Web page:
Below are more details relating to both the PPP and EIDL loans.
PAYCHECK PROTECTION PROGRAM
Eligible Loan Recipients
Eligible loan recipients include businesses, self-employed individuals, independent contractors or non-profits who employ no more than 500 employees (includes full-time, part-time or “other” basis) or for those businesses that comply with the SBA Small Business Size Standard for the NAICS code in which the business operates.
For businesses with a NAICS code that begins with 72 (accommodation and food services, such as hotels and restaurants), the 500-employee limitation is measured on a per-location basis. For example, a hotel chain that has 1,000 employees who are spread out over 10 locations with no more than 500 employees at any one location may participate in the program. Also, the affiliation rules that would otherwise require commonly controlled businesses to combine the number of employees are waived for these businesses as well as any franchise that is assigned a franchise identifier code.
Maximum Loan Amount
The maximum loan amount is the lesser of 2.5X the enterprise’s average monthly “payroll costs” incurred during the previous 12 months before the date the loan is made, or $10 million.
Permitted Uses of Loan Proceeds
The PPP imposes restrictions on the use of loan proceeds. Loan proceeds may be used for the following purposes:
- Payroll costs
- Costs related to the continuation of group health care benefits during periods of paid sick, medical or family leave, and insurance premiums
- Employee salaries, commissions or similar compensations
- Payments of interest (not including pre-payment penalties) on any mortgage obligation
- Interest on any other debt obligations that were incurred before the one-year period beginning with the loan date
Identifying payroll costs will help borrowers calculate loan amounts, evaluate permitted uses and ultimately determine how much of the PPP loan will be forgiven.
Payroll costs include:
- Salaries, wages, commissions and similar compensation
- Cash tips or equivalents
- Vacation, parental, family, medical or sick leave
- Severance pay
- Group health care benefits
- Retirement benefits
- State or local taxes assessed on the compensation of employees (e.g., state unemployment and other payroll-based taxes)
- Payments of any compensation to a self-employed individual that are considered earnings from self-employment and do not exceed $100,000
Payroll costs do not include:
- Compensation of an individual employee in excess of an annual salary of $100,000, as pro-rated for the one-year period up to the loan date
- Federal payroll taxes (FICA, Medicare, FUTA)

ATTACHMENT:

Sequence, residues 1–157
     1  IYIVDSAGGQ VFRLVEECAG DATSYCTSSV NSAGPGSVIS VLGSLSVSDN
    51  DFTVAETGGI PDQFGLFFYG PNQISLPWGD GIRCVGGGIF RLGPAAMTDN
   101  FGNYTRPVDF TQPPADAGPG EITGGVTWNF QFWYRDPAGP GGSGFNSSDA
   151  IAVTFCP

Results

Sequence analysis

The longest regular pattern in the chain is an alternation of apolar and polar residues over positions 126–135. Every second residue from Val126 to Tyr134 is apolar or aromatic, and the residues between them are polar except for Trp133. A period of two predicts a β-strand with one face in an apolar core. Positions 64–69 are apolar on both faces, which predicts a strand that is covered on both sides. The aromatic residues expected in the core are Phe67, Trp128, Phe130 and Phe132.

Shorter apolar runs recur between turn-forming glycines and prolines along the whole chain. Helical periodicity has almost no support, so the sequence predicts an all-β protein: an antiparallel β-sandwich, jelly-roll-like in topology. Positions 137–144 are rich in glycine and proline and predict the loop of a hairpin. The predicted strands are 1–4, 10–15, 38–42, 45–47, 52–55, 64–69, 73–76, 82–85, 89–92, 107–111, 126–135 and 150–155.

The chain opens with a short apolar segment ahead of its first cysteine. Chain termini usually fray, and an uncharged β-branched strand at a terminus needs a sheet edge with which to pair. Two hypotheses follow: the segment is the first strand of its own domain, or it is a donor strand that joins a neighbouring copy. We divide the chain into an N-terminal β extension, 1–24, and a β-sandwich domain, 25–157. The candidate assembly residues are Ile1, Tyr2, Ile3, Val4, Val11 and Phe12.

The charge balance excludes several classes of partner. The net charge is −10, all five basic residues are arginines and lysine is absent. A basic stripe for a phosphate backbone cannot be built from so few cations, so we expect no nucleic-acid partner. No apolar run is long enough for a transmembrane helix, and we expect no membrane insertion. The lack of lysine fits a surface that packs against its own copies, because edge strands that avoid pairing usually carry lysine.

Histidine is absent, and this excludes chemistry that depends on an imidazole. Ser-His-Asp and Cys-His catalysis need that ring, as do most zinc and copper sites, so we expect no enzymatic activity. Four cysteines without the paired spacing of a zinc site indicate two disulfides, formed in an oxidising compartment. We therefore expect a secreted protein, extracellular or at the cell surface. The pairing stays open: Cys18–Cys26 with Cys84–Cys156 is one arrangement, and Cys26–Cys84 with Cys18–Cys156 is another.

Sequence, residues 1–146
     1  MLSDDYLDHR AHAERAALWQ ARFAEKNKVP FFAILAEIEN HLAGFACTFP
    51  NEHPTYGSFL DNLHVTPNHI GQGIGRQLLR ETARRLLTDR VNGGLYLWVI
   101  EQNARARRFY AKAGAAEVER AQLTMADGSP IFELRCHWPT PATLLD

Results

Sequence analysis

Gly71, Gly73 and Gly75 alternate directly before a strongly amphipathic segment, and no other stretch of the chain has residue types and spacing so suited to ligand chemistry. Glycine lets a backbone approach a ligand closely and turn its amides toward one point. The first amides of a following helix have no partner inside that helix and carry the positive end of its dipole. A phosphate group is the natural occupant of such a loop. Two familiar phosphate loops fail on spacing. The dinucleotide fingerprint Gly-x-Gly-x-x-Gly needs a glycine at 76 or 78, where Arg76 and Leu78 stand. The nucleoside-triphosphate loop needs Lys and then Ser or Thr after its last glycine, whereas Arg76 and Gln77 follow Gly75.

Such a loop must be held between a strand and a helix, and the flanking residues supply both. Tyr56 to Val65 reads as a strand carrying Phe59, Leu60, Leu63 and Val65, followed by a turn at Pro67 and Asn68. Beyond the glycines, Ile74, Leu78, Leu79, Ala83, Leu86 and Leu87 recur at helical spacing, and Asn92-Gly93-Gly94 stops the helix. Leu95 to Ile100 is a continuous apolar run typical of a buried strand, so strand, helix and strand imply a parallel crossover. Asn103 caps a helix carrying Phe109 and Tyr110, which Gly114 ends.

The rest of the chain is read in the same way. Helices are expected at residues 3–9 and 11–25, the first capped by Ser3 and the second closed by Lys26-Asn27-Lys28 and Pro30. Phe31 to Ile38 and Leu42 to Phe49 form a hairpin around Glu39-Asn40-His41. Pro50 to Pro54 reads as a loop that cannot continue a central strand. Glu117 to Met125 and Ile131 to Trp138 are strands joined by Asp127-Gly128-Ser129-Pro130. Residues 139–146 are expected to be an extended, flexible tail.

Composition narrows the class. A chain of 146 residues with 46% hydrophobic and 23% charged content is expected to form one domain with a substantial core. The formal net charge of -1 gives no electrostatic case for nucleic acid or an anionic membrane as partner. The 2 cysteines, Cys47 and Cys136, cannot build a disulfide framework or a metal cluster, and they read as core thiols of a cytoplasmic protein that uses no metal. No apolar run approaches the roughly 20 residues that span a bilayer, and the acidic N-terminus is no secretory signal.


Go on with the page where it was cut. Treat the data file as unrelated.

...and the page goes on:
- Compensation of any employee whose principal residence is outside of the United States
- Qualified sick and/or family leave wages for which a credit is allowed under the Families First Coronavirus Response Act
Non-Recourse Nature of Loans
Loans made under the program are non-recourse against any shareholder, partner or member of an eligible recipient unless loan proceeds were used for a non-permitted purpose. No owner of a borrower is required to personally guarantee any covered loan, nor is any collateral required.
Borrower Certification Requirements
Eligible borrowers must certify that:
- The uncertain current economic conditions make necessary the loan request to support the ongoing operations of the eligible recipient
- The loan proceeds will be used to retain workers for the permitted purposes described above
- The applicant does not have another pending loan application for the same purpose
- The applicant has not received a duplicative loan from the SBA for the period February 15 through December 31
Interest Rate and Maturity Date
The interest on a PPP loan cannot exceed 4% and the amount that is not forgiven has a maximum maturity of 10 years from the application date.
Deferment of Payments and Prepayment Penalties
The payment of principal (if required) and interest is deferred for up to one year and prepayments may be made without penalty.
The principal amount of the loans made under the PPP is eligible for forgiveness. Amounts eligible for forgiveness are the lesser of the amount of 1) the loan principal amount or 2) the amounts expended during the eight-week period following the funding that was used for:
- Payroll costs
- Payment of interest (other than prepayment penalties) on any recourse mortgage secured by real property owned by the borrower prior to February 15, 2020
- Rent on a lease obligation of the borrower that was in force prior to February 15, 2020
- Utility payments (including electricity, gas, water, telephone, transportation or internet access) for which service began prior to February 15, 2020
Loan Forgiveness Reductions
To encourage borrowers to retain and rehire employees, the amount eligible for forgiveness is reduced (not increased) based on workforce or employee salary reductions.
Workforce reductions – The loan forgiveness reduction based on workforce reductions is calculated by taking the amount eligible for forgiveness and multiplying it by the average number of full-time equivalent employees (FTEs) per month employed during the eight-week period beginning with the loan funding date over one of the following:
- the average number of FTEs employed per month from February 15, 2019 through June 15, 2019; or,